An otherwise leisurely fun episode for Pennyworth unexpectedly turns in the series most shocking moment yet.
This Pennyworth review contains spoilers.
Pennyworth Episode 4
Well, this is a helluva episode. After much of the story is spent with Alfred and Martha Kane exploring the Raven Society infiltrated hamlet, in a rather quirky jaunt, the episode suddenly ends on a dark note that sees the brutal death of Esme.
In retrospect, Esme’s murder was foreshadowed in the opening moments of “Lady Penelope” when an at-first Wayne-esque family of three walks down the wrong alley of this alternate London. However, rather than get mugged, they beat the disfigured beggar (who happens to be Lord Harwood, on his way to becoming a chained pet). Not to mention the silence outside her door finally entered. Similarly, things were looking too suspiciously rosy for Esme, what with her getting on famously with Alfie’s cantankerous pop (Ian Puleston-Davies).
And Alfred’s memories of burying his fellow soldier as a chagrined officer looks on certainly felt foreboding. I expect we’ll learn more about that. However, in the world of Pennyworth, this death sets the tone for our hero’s loss.
Of course, Esme’s apparent murder has overtones of the Women In Refrigerators trope because this will no doubt set Alfred off on a certain path (and maybe it will make Bet Sykes crack up even further, since she is on her way back to London). Still, it is quite the shock, and there are a lot of suspects out there who have a grudge against Alfred these days (which potentially includes the Queen herself, and Scotland Yard). While some want to punish Alfred, Thomas Wayne still wants to recruit him for the oncoming civil war.
Aside from the shocker, much of “Lady Penelope” is a romp as Alfred (Jack Bannon) and Martha (Emma Paetz) head to a small town to learn the name of the new Raven Society leader for the No Name League.
The mission is a good chance for Bannon to stretch a bit as Alfred. We are used to seeing his dry Bond-esque humor as he negotiates tight situations. But he gets to be more direct here, and after he accidentally kills Mrs. Darkness, Alfred switches into his take-no-crap attitude. He is pissed off from running and fighting while he’s just trying to do business. I like this short-tempered Alfie.
Plus the setting allows for our characters to break out of type. After all, this is like a Wicker Man meets Hot Fuzz town where dark forces pull the strings. From the Maypole (“for sex orgies”) to the Raven priests (and the criminals in stocks) the town is full of surreal and anachronistic imagery from this alt-London, and a world where Germany is under the power of a Reich. Yet, as odd as this Great Britain is, it is still utterly British; not even the Raven Society would stoop so low as to poison the tea, and even though Mrs. Darkness tried to blow their heads off, she did serve up the crumpets first (by the way, this show seems to love accidental gun deaths).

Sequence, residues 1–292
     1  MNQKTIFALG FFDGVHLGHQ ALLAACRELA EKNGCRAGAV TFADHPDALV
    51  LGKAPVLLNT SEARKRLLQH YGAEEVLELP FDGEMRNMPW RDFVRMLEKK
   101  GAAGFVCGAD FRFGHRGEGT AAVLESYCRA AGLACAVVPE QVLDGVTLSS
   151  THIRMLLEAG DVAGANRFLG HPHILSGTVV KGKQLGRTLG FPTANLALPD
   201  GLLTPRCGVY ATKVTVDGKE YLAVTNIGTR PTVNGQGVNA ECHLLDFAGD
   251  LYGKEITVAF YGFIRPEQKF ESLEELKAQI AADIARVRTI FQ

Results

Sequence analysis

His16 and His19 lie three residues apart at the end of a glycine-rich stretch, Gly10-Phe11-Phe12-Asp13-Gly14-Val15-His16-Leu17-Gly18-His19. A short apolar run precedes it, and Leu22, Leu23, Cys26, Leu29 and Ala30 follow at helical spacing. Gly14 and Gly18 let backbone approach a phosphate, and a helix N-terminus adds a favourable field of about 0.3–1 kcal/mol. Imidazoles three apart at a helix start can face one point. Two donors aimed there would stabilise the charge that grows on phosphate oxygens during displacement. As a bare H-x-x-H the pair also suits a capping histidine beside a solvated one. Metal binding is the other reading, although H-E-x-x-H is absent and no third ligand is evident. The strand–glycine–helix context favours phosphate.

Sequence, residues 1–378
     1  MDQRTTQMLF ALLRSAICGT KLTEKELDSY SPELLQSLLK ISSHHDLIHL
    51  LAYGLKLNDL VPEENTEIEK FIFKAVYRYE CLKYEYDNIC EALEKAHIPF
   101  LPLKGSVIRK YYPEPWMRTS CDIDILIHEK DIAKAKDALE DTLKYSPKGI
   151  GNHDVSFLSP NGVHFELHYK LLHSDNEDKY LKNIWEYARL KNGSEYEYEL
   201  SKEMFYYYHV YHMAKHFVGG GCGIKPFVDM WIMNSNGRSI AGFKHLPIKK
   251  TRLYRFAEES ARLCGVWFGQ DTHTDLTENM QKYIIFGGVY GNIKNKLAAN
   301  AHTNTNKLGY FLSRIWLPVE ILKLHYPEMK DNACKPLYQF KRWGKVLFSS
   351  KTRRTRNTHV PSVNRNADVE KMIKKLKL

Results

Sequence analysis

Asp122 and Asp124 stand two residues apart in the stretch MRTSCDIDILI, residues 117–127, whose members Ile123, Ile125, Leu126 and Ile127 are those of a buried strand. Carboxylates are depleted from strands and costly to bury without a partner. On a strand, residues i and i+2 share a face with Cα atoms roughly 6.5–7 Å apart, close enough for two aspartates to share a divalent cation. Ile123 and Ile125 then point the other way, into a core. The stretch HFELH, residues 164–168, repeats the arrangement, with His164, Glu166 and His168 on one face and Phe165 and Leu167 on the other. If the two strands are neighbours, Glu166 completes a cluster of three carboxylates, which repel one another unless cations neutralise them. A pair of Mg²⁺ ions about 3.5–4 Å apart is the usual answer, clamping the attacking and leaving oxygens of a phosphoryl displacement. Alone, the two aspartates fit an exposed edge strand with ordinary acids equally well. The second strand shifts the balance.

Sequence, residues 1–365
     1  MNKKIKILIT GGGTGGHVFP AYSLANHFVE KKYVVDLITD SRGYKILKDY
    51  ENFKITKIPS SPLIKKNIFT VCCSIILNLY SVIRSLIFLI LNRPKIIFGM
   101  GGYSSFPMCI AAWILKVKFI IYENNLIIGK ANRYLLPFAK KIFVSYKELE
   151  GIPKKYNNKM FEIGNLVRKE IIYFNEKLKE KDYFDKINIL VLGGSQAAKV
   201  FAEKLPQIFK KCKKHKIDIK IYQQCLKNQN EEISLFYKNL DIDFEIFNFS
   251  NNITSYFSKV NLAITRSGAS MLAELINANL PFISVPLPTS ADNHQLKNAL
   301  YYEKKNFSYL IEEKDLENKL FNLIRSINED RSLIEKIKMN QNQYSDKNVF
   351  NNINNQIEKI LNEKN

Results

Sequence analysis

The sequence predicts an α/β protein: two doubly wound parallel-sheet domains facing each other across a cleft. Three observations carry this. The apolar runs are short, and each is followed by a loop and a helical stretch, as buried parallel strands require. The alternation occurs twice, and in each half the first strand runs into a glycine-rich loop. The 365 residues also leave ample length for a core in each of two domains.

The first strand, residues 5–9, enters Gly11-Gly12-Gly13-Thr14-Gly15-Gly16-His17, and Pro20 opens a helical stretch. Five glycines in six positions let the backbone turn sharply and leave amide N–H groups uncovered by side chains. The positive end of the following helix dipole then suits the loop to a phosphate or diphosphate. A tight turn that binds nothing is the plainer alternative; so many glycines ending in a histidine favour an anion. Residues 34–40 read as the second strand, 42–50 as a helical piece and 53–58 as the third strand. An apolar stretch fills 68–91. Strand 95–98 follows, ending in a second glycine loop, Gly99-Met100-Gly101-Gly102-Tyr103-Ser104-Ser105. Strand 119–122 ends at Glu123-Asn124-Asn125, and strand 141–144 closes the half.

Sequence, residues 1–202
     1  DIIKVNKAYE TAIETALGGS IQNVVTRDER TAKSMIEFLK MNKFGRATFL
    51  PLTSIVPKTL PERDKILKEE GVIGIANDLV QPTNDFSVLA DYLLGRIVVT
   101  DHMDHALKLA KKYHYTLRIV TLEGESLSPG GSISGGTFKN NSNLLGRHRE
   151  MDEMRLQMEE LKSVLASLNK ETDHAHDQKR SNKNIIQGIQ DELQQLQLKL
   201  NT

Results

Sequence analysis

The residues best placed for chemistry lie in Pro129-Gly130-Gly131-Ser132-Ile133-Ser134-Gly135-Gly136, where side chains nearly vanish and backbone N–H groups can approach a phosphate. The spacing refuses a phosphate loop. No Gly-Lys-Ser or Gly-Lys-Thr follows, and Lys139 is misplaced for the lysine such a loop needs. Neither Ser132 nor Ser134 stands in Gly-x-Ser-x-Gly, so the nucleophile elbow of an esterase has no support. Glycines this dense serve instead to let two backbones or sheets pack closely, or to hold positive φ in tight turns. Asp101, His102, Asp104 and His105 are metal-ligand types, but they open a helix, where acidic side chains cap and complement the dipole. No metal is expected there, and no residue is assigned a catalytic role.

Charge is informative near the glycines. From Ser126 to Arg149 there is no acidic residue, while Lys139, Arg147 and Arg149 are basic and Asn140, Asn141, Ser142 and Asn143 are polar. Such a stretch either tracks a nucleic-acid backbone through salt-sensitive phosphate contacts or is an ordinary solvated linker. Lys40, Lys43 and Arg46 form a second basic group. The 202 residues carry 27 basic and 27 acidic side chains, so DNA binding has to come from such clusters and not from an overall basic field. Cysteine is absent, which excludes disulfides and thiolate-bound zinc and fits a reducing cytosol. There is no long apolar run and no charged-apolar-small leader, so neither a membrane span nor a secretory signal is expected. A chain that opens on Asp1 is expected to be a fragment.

Martha is slightly awkward as she moves through this land, slowly revealing a bit of her own mysterious backstory to Alfred, but she isn’t inept. She is capable of action, even if she appears insecure at times. Indeed, when the shit hit the fan, she followed Alfred’s advice and managed to “switch off the fan” – twice, once with the Raven priests, and then with Dr. Gaunt.
Speaking of Gaunt, she’s a delightful villain. Anna Chancellor turns in a tasty performance, first seeming quirky and curious about the French Doors in town, then saying matter-of-factly she’ll be having gin rather than tea. As the tension builds, and we see her malevolent side emerge, she remains downright likable even as presenting the head in a jar dubbed Tanya (“because she looks Russian”).
Alfred and Martha should have been smart enough to mistrust the doctor just outside of town, and she seemed a little off-center from the get-go. Still, it works on an ironic sense that the sexist fascist secret Raven society would select an eccentric doctor to lead them. And it was satisfying seeing Martha take her out with a brick – even if they shouldn’t have let her live.
It is humorous to think that while all this is unfolding – and right before the sexual tension with Martha bubbles over — Mr. P was expounding on the origins of marmalade, and discussing table settings.
The Sykes Sister family quarrel is another highlight to the episode, as Peggy rightly tells Bet she’s not right in the head. Of course, she also beats the crap out of her (those dominatrix skills come in handy when it comes to choking someone out). Out of these two characters, Peggy has a point; she’s just trying to do a job, and was indeed the one who saved Bet’s arse. It isn’t too much to ask her sister to keep the music down. But Bet is more than violent, and mad, she’s also petulant. It will be curious to see how this immature psychopath responds when she learns about what happened to Esme (who, granted, was victimized by Bet, and lived in fear).
While conflicted about Esme’s death – and disappointed if the gifted Emma Corrin is exiting the series – most of “Lady Penelope” represents a fun caper of an episode for Pennyworth.
Pennyworth airs on Epix on Sundays at 9 p.m. ET/PT. Find out more about Pennyworth here.
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